drink-vodka-ryanairRyanair, the World’s Most Hated Airline, offer such a shoddy service that passengers are now resorting to drinking 10 bottles of vodka before departure, according to an article on Digital Journal.

On August 3, after two of the men created a scene when being refused permission to board the plane, police officers had to give advice to the Ryanair cabin crew prior to takeoff on how to deal with the group’s behavior.

58-year-old Fiona Black, a frequent-flier passenger on the flight, told the Scottish newspaper, The Daily Record, that “Police came on and had a word with them but never took off the ones who should’ve been taken off.”

The flight was delayed by 30 minutes and after takeoff the craziness reportedly continued.

Black said: “It was just awful. They were idiots the whole flight. I think the stewards confiscated about ten bottles of vodka from them.”

“In fact they all should’ve been taken off in my opinion.”

“The stewardess had said she would get them thrown off by police, so when police just left I felt that was unfair on the crew as this lot obviously then thought they could get away with anything.”"

Other passengers on the plane, which included families with children, were forced to use the toilets at the front of the plane, as the group of 30 hooligans turned the rear end of the plane into a no-go zone.

They reportedly drank spirits, jumped on seats, swore, shouted and threatened crew and passengers.

Black recalled the scene: “There was one guy in particular who was singling out one of the stewardesses.”

“He was walking behind her when she was doing the drinks trolley and was pretending to have sex with her.”

“One steward, who was trying to defend the female staff, was squared up to and it seemed like he was going to be punched.”

“It could just suddenly flare up, you just don’t know.””

The Ryanair cabin crew asked passengers to act as witnesses, as they intended reporting the behavior of the group of hooligans on their return.

The flight took a grueling three hours and on arrival at Ibiza Airport, Spanish Civil Guard police removed and detained five of the individuals.

Ryanair, stressing that safety was their key concern, has since officially apologized to passengers on the flight. In a statement, Ryanair’s head of communications Robin Kiely said: “Ryanair crew operating flight FR694 requested police assistance on arrival at Ibiza airport after a group of passengers became disruptive in-flight.”

“Police removed and detained a number of individuals from the aircraft before other passengers disembarked.”

“Ryanair sincerely apologize to other passengers for any inconvenience caused but the safety of our passengers, crew and aircraft is our number one priority. This is now a matter for the police.””

Read more:


Ryanair in bid to shut down pilots’ Twitter and Facebook accounts

viajes-fuerteventura-ryanair-2010Ryanair, the World’s Most Hated Airline, have swooped to have a number of Facebook and Twitter accounts shut down after claiming they infringe the airline’s rights.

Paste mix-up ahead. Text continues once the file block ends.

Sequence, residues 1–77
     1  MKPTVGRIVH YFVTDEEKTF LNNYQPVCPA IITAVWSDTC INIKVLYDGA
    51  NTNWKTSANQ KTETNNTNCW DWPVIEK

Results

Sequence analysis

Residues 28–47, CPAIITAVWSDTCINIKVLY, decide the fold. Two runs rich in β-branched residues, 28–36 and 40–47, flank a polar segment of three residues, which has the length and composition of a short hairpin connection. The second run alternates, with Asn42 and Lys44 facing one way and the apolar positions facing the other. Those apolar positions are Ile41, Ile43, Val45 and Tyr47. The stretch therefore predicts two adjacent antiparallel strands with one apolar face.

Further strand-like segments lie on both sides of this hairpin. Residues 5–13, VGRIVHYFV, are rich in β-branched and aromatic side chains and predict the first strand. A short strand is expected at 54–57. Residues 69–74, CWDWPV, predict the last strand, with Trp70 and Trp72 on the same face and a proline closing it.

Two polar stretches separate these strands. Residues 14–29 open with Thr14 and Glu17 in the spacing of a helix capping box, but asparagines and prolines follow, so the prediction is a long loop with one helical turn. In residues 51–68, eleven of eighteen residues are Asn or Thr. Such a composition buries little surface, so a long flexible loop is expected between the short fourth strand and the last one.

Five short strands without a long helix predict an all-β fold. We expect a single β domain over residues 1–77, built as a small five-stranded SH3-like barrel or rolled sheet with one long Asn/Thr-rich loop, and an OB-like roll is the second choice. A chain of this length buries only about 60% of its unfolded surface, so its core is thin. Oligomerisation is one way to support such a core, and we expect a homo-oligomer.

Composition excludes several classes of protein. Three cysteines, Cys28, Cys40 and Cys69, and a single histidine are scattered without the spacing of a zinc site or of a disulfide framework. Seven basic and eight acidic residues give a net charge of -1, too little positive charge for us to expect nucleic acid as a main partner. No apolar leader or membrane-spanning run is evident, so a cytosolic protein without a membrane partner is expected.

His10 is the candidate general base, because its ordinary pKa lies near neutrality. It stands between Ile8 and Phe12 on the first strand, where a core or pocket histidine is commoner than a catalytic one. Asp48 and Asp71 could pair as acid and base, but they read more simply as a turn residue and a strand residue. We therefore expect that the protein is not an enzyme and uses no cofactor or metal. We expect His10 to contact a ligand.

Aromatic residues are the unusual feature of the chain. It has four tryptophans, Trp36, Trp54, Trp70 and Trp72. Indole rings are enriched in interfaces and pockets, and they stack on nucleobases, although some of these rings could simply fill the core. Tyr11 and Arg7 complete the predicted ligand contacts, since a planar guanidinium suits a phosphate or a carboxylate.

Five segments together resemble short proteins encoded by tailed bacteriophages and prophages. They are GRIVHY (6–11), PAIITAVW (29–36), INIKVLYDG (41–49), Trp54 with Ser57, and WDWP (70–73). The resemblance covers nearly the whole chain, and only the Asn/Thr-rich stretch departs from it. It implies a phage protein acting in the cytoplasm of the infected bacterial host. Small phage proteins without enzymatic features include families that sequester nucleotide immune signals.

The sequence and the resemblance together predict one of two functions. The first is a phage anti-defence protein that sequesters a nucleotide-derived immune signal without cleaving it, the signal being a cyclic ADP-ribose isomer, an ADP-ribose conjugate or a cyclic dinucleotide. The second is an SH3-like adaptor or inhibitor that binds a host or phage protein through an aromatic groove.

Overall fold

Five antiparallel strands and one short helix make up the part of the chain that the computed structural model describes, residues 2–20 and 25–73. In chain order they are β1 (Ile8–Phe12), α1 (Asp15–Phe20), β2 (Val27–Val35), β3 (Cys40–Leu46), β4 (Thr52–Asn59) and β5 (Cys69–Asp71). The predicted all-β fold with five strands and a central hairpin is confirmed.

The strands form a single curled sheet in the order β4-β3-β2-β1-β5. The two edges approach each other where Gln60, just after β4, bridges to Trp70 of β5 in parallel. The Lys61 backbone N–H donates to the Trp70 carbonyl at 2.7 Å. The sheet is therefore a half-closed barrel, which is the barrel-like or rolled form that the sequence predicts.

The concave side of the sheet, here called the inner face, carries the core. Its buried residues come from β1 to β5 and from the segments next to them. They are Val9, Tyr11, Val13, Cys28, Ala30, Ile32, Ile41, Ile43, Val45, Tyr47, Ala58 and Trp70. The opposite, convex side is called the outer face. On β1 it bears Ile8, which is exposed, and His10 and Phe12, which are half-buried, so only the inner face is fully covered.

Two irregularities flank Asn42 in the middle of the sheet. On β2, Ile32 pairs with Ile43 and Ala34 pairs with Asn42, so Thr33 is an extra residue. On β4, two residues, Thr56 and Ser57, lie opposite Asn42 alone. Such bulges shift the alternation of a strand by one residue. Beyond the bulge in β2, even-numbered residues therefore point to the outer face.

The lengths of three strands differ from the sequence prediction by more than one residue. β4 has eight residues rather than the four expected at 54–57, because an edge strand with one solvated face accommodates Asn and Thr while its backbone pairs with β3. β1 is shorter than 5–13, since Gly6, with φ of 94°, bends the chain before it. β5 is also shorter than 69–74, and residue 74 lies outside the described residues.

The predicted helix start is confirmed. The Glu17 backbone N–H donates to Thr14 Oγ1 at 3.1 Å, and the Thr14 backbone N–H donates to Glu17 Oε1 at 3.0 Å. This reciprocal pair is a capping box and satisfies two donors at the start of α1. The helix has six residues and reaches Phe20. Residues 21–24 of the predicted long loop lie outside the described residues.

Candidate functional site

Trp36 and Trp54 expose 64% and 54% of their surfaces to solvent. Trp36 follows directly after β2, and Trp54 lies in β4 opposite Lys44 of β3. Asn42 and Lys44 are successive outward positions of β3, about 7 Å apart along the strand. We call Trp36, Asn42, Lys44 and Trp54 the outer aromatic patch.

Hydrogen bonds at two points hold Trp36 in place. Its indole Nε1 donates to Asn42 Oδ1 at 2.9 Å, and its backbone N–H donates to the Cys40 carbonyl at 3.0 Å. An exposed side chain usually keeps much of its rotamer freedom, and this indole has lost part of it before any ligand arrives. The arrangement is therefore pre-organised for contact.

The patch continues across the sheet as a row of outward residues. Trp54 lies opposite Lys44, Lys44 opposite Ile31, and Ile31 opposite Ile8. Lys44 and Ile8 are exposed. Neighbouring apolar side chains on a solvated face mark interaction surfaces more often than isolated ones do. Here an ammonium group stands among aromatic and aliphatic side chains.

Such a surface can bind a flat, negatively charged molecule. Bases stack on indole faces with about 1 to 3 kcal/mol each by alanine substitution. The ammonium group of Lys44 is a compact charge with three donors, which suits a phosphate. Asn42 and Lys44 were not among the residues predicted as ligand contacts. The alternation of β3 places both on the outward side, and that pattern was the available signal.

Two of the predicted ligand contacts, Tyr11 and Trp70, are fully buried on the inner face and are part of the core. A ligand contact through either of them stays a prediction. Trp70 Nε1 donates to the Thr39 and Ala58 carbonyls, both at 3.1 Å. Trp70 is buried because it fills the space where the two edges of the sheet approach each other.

The move, as reported in the Irish Independant, has also led to allegations that the airline is attempting to silence a group that claims to represent about half of Ryanair’s 2,500 pilots – the Ryanair Pilot Group (RPG).

Ryanair confirmed to the Irish Independent that it has contacted both social networking giants in the past few weeks.

“We are currently applying to obtain all ‘Ryanair’ pages on all relevant social media outlets in order to prevent internet trolls masquerading as Ryanair,” said a spokesman.

The Ryanair Pilot Group’s Facebook page was shut down just over a week ago. That was on foot of a complaint made to Facebook that the site infringed Ryanair’s intellectual property.

No prior notice was given to the RPG, according to the pilot group.

“It can only be assumed from these two exceptional events that there seems to be an orchestrated and deliberate attempt to silence the public voice of the Ryanair pilots,” said Evert van Zwol, chairman of the RPG Interim Council. “Attempts to suppress social communications are not acceptable in 21st century Europe,” he said. “Freedom of association and freedom of speech are basic human rights that nobody should have to seek from scratch or assert through the media or the courts.”

He said pilots wouldn’t be dissuaded from organising themselves due to “crude and out-dated attempts to curtail personal, social and media interaction”.

But the RPG quickly moved to establish a new Facebook page. It’s understood that the site is unlikely to fall foul of any intellectual property infringements.

RPG’s Twitter account was suspended on Wednesday. Twitter declined to comment, but in a surprise twist, the RPG Twitter account was reactivated yesterday afternoon. The Twitter account contained a new disclaimer: “We are not affiliated with Ryanair Limited or any of its affiliated companies.”

The Ryanair spokesman said the airline is evaluating the potential to establish its own social media presence.

Ryanair does not recognise unions and does not recognise the RPG either, which itself does not have union status.

“We don’t comment on the Non-Ryanair Pilots Group which is a PR front for the pilot unions of competitor airlines,” said a Ryanair spokesman.

Last month, the RPG formed its first council, which includes serving Ryanair pilot John Goss, who has been involved in previous efforts to negotiate with the carrier.

Ryanair will face a PR battle this Monday when Channel 4 airs a documentary it calls ‘Secrets from the Cockpit’. The ‘Dispatches’ documentary claims to have uncovered “growing concerns about Ryanair’s fuel policy and working practices”.